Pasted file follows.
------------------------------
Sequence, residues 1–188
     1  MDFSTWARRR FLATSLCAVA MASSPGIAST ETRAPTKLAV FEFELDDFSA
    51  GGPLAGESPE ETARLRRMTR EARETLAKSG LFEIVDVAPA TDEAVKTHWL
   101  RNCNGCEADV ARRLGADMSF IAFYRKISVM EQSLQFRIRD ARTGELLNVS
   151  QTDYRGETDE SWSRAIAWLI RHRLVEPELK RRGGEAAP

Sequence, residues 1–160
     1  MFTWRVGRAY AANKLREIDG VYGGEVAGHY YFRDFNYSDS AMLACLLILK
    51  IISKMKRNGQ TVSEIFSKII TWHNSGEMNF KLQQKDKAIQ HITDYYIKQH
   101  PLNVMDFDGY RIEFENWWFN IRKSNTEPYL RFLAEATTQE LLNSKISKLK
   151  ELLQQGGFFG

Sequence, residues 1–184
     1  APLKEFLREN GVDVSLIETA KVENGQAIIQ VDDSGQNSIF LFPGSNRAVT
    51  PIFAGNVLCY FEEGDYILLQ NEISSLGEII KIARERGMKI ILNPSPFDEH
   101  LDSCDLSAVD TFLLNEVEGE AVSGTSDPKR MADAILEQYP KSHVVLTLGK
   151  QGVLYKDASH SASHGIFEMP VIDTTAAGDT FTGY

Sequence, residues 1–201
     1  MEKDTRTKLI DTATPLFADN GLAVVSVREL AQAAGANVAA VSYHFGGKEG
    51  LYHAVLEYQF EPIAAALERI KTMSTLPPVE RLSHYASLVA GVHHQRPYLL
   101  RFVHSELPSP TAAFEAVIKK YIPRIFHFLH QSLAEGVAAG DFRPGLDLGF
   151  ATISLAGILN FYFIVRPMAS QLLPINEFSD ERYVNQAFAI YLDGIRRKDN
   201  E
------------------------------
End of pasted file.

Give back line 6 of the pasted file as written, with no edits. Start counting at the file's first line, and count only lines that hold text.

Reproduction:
Sequence, residues 1–160